It’s been four years since – sadly – Gerald M. “Jerry” Weinberg passed away. Ever since then, I struggled with some public mourning about him, until recently I had just the right idea. On a weekly basis, I will publish a review of a book I read that Jerry either wrote himself or is about some of his work. Today, I picked the classic The Psychology of Computer Programming in its Silver Anniversary Edition from 1998, the original being published in 1971.
The Psychology of Computer Programming is another of Jerry’s books that I hardly remember anything about. So, let me go through the table of contents and maybe skim through the book. I might be ending up picking references here again.
The book is split up into four major parts (if you don’t count the epilogue as its own fifth part):
Part One: Programming as human performance is separated into the chapter Reading Programs, What makes a good programmer, and How can we study Programming. Part Two: Programming as a social activity is split up into chapters on The Programming Group, The Programming Team, and the Programming Project. Part Three: Programming as an individual activity consists of chapters on Variation in the programming task, Personality factors, Intelligence or problem-solving ability, and Motivation, Training, and Experience. Finally, Part Four: Programming Tools has three chapters Programming Languages, Some principles for programming language design, and Other Programming Tools.
The book initially was intended to serve as a basis for a training course, or at least did not forbid it. You find questions for reflection at the end of every chapter. My 25th-anniversary edition also has additional notes 25 years later on each of the chapters, including the foreword.
The beginning of the first chapter directly catches my eye:
Some years ago, when COBOL was the great white programming hope, one heard much talk of the possibility of executives being able to read programs. With the perspective of time, we can see that this claim was merely intended to attract the funds of executives who hoped to free themselves from bondage to their programmers.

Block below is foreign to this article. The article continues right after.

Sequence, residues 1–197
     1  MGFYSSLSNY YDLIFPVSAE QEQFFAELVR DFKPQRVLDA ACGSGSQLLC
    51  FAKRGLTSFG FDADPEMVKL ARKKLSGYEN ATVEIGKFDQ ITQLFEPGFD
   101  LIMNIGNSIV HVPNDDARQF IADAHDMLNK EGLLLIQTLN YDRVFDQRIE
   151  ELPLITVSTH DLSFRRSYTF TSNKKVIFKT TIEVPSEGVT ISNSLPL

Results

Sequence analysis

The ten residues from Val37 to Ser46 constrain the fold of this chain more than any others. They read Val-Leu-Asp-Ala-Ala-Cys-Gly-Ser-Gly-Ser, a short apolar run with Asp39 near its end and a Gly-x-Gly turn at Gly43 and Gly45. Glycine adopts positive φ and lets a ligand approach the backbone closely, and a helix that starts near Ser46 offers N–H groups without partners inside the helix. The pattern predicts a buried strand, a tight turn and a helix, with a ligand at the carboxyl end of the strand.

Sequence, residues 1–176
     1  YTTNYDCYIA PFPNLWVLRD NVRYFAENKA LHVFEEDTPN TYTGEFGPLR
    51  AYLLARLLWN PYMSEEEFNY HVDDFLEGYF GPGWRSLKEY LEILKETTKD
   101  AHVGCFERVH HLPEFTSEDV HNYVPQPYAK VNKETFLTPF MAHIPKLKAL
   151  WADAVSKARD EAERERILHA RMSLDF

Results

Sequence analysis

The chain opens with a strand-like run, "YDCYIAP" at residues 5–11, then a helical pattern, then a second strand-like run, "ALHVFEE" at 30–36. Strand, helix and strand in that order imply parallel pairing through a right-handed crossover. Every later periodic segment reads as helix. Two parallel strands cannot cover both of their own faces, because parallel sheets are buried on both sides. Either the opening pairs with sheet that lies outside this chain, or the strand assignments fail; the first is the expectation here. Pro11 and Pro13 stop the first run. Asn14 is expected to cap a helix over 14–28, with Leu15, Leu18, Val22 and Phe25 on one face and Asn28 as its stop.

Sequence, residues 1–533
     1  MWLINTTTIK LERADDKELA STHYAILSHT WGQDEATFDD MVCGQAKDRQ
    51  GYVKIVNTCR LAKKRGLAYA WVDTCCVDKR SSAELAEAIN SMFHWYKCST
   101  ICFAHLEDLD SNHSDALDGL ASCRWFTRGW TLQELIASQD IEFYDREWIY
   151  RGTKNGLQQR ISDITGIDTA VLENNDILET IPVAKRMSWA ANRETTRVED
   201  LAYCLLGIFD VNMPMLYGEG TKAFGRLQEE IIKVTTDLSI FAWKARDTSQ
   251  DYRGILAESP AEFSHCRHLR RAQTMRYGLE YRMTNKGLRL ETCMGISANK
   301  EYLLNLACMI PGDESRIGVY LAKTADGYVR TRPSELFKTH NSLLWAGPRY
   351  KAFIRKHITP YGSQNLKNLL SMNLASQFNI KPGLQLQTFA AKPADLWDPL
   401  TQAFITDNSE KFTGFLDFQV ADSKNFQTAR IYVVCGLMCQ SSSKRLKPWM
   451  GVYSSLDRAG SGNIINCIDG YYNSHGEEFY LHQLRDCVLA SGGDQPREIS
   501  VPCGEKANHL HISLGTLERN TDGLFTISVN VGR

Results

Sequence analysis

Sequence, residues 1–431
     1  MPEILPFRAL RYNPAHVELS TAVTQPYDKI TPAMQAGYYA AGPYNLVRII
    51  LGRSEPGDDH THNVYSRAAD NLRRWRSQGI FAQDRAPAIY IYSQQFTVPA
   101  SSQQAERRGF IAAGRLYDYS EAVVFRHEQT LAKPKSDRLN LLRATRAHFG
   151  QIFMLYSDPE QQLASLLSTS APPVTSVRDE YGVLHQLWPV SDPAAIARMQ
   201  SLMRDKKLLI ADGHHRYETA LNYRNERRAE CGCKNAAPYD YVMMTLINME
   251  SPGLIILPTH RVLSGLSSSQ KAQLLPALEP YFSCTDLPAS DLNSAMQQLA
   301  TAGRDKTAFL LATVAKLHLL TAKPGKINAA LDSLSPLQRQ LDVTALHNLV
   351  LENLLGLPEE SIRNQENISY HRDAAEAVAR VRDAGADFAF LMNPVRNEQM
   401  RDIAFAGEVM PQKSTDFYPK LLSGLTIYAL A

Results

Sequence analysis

Oh, boy, those lines aged pretty well. Or not so much, depending on what your current hopes are.
From the outset, the title of the book is pretty self-explanatory. Since managers could not read code on their own, they had to understand how programmers tick. Thus Jerry wrote about the Psychology of Computer Programming for managers to make better decisions for their programming staff. Personally, this makes me wonder why I rarely encounter a manager that read some of these lines in the half-century since Jerry published the original edition of this book – or who does not act as he read it.
Similarly, the questions sections at the end of each chapter are split up into two main categories: for managers, and for programmers. Just going through the table of contents, I recognize that Jerry wrote about all these before being largely influenced by Virginia Satir’s teachings later in his career. In essence, he captured his wisdom and experience here since having worked on programming teams and organizations since Project Mercury was set out to put a person into the Earth’s orbit, where he collected his first experiences as a programmer – and as a computer (one of his early job titles).
Throughout the book, you will likely encounter some programming languages, some facts, and some deep questions as well as a personal reflection by Jerry 25 years after having written the original, and how it stood up the test of time. While reading through the reflection on his original epilogue, I get a bit sad though:
[…] if you’d like to share some of your ideas, observations, or experiences with me, go to my website and send me e-mail. You should always be able to reach me from there, at least as long as I’m still around. Hopefully, that will be long enough for me to write a Golden Anniversary Edition of The Psychology of Computer Programming.
Sadly, it wasn’t long enough for the Golden Anniversary Edition, but I recall sending Jerry many e-mails over the years that he was still around. Matt Heusser once put it to me this way:
It’s always amazing to get e-mail from Jerry.
Indeed, Matt, it always was something special.